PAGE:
Working in the UX field I’m constantly looking at my environment and the world around me and questioning just how usable things are. Recently, I started to think about the concept of just what makes something usable. If something works, does that automatically make it usable?
I’ve always believed that for something to be usable, it should be easy to use and free of frustration with little to no instruction needed. It should be effortless, right? But something that seems effortless to me might not be effortless to others and vice versa. This is one of the main challenges faced by designers: how do they know if the product or experience they are designing is a usable one?
Take the dishwasher at my office for instance. I find it very easy to use: simply put in the detergent packet, close the door, turn the knob and voila I’m done. But for every person that can easily use the machine there are people that seem to have trouble with it. Something that seems simple and usable to me makes others scratch their heads in frustration. What led to this differing experience with this machine?
When a user has a poor experience they tend to blame themselves thinking they are doing something wrong. Is it their fault? Is it the designer’s fault? Is it even possible for a designer to create a product or an experience that can work universally across all users? In the end, the blame lies in the hands of the designers. The designers of this dishwasher focused more on how the dishwasher should work, rather than how it was going to be used. This is where the break between something working over something being usable happens.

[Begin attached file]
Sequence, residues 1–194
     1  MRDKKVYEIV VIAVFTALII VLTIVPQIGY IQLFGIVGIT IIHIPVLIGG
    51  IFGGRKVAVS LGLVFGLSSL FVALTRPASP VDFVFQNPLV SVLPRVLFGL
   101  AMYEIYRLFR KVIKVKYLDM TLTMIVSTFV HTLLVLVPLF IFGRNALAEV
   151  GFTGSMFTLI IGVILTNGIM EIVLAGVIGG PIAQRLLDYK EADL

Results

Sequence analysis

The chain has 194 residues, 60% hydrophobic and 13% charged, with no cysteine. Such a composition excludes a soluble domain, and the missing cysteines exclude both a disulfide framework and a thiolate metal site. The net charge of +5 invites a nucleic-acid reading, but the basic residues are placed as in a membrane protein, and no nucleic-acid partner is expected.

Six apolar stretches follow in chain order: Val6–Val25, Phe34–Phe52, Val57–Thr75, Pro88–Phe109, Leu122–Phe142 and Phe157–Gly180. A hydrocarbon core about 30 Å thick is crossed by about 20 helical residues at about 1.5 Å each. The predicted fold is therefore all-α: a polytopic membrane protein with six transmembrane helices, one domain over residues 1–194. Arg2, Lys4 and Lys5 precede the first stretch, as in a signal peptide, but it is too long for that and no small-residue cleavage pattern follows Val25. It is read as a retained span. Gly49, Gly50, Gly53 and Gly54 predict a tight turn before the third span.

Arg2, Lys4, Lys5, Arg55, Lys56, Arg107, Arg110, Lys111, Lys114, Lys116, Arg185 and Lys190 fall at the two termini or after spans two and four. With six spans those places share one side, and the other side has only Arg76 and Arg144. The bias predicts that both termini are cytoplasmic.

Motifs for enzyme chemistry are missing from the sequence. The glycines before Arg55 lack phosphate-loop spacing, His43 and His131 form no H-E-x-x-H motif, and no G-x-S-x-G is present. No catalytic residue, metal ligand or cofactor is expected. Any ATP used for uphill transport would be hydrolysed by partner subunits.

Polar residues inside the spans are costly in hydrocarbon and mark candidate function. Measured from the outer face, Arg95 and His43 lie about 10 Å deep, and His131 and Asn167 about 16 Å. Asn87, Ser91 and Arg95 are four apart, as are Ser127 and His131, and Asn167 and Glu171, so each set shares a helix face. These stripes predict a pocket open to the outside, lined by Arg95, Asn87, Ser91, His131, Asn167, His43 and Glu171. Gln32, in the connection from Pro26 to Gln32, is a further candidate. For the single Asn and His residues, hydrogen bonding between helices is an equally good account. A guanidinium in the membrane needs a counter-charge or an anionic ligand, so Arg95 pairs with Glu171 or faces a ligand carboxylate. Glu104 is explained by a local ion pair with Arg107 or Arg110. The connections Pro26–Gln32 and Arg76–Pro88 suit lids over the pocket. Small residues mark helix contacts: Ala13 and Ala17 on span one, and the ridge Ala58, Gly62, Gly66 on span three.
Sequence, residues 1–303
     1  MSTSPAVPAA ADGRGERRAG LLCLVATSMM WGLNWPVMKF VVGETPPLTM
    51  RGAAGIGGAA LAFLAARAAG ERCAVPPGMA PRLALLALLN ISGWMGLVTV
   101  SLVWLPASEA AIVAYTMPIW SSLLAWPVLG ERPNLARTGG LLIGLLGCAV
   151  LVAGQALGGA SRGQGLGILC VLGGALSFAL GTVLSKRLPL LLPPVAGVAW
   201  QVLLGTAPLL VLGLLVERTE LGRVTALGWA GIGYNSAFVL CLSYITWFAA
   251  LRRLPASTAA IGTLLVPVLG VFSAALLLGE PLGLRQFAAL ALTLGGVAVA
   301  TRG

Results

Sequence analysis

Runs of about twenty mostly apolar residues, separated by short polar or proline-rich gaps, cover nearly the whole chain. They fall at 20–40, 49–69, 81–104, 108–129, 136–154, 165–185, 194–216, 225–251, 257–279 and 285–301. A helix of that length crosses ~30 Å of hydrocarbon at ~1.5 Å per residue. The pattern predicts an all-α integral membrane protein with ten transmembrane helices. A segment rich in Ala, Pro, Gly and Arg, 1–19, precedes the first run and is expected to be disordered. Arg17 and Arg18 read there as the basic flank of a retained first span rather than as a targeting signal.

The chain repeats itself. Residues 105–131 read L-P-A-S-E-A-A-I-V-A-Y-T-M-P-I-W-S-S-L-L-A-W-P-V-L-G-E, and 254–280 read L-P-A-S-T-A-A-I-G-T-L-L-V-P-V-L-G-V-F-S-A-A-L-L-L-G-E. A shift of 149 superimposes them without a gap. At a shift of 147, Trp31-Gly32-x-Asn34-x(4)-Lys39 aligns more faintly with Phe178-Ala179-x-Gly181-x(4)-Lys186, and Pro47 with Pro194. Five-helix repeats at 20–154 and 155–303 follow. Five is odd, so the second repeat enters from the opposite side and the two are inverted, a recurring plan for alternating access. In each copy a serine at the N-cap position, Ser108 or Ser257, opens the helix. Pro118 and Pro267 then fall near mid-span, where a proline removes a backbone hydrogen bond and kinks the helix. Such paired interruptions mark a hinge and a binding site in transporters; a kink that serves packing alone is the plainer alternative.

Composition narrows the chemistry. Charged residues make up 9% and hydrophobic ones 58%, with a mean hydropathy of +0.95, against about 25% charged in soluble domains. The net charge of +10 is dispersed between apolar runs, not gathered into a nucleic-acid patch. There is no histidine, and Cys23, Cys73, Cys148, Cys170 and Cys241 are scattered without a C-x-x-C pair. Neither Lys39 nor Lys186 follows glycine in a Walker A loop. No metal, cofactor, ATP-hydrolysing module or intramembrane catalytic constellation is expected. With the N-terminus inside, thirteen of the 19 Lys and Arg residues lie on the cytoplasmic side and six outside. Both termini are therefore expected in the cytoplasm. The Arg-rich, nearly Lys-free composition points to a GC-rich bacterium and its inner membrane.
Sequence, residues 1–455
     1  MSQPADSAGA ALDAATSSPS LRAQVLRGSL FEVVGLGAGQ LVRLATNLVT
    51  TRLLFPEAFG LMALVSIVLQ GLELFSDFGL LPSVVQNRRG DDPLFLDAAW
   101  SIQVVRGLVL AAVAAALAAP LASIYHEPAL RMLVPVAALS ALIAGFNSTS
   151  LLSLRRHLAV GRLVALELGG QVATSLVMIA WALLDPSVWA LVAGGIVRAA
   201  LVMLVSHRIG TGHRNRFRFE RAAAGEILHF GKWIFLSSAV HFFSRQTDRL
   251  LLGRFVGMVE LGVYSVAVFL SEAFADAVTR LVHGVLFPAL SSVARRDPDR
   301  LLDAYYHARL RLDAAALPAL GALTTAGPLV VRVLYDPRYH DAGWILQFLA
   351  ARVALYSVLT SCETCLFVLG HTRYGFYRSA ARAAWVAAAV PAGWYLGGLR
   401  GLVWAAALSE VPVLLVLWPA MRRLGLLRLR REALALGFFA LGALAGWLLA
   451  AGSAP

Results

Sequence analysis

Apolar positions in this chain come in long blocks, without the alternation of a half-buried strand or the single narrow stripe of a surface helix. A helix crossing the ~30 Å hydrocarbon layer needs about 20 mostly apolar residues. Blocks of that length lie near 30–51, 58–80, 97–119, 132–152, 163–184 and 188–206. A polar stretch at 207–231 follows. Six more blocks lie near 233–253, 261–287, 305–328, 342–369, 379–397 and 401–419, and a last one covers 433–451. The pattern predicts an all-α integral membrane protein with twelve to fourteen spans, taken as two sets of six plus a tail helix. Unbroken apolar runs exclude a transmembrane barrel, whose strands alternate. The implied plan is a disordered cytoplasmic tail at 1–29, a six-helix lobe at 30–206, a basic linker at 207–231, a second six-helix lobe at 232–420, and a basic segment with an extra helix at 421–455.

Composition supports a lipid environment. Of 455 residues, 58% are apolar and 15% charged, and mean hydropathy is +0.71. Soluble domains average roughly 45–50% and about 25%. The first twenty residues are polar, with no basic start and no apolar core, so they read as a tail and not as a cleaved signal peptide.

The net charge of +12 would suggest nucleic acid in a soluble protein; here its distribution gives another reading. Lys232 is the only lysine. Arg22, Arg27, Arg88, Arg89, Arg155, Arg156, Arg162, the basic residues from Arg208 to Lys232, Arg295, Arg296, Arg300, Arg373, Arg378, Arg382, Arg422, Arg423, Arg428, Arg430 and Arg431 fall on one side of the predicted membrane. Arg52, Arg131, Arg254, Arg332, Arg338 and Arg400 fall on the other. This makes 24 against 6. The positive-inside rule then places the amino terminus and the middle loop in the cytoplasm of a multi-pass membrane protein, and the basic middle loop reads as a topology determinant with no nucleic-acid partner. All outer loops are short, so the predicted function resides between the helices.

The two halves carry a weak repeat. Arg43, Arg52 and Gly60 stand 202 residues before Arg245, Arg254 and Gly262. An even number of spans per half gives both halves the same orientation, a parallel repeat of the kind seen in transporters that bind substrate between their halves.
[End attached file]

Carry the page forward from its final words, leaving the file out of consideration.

At Delvinia, we engage in usability testing and concept validation to ensure the experiences we’re creating with our clients are not only strategic for the brand, but user friendly and engaging. Our proprietary AskingCanadians online research community also enables us to validate strategies and test prototypes with Canadians.
For one of our retail clients I recently conducted an in-person usability test on our proposed enhancement and redesign of their online store. We added a number of dynamic functions such as an update to their product display, a new global shopping cart, real time product suggestions and purchasing bundle recommendations, and other additions to improve the shopping experience.
By validating our proposed design through user testing, we were able to ensure that the new design not only functionally worked but was usable by shoppers coming to the site in a real world situation. Any unforeseen flaws or roadblocks that could prevent a good user experience were spotted by the testers and adjusted for the final design.
Every user is a unique user and as a result their experiences with your product will also be unique. The best way to ensure that your design not only works, but is usable, is to validate it with real users.